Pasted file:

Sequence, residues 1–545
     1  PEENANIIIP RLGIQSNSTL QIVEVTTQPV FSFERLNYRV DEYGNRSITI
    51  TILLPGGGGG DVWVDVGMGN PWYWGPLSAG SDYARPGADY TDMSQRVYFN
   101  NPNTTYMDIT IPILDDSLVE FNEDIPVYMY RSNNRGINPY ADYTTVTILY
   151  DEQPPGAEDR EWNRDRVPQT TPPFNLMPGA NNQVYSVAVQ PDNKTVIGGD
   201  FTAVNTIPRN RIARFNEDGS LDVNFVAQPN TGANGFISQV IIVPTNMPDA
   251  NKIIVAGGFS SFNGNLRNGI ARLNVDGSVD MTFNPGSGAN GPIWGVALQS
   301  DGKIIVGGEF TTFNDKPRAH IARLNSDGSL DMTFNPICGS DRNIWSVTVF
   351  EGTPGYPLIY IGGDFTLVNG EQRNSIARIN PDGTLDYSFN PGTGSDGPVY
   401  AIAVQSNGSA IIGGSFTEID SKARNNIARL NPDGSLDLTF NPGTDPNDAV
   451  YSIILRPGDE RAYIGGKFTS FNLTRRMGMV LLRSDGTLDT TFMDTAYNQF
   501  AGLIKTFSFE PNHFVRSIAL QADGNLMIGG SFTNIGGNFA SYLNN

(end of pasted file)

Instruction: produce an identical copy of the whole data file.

Sequence, residues 1–545
     1  PEENANIIIP RLGIQSNSTL QIVEVTTQPV FSFERLNYRV DEYGNRSITI
    51  TILLPGGGGG DVWVDVGMGN PWYWGPLSAG SDYARPGADY TDMSQRVYFN
   101  NPNTTYMDIT IPILDDSLVE FNEDIPVYMY RSNNRGINPY ADYTTVTILY
   151  DEQPPGAEDR EWNRDRVPQT TPPFNLMPGA NNQVYSVAVQ PDNKTVIGGD
   201  FTAVNTIPRN RIARFNEDGS LDVNFVAQPN TGANGFISQV IIVPTNMPDA
   251  NKIIVAGGFS SFNGNLRNGI ARLNVDGSVD MTFNPGSGAN GPIWGVALQS
   301  DGKIIVGGEF TTFNDKPRAH IARLNSDGSL DMTFNPICGS DRNIWSVTVF
   351  EGTPGYPLIY IGGDFTLVNG EQRNSIARIN PDGTLDYSFN PGTGSDGPVY
   401  AIAVQSNGSA IIGGSFTEID SKARNNIARL NPDGSLDLTF NPGTDPNDAV
   451  YSIILRPGDE RAYIGGKFTS FNLTRRMGMV LLRSDGTLDT TFMDTAYNQF
   501  AGLIKTFSFE PNHFVRSIAL QADGNLMIGG SFTNIGGNFA SYLNN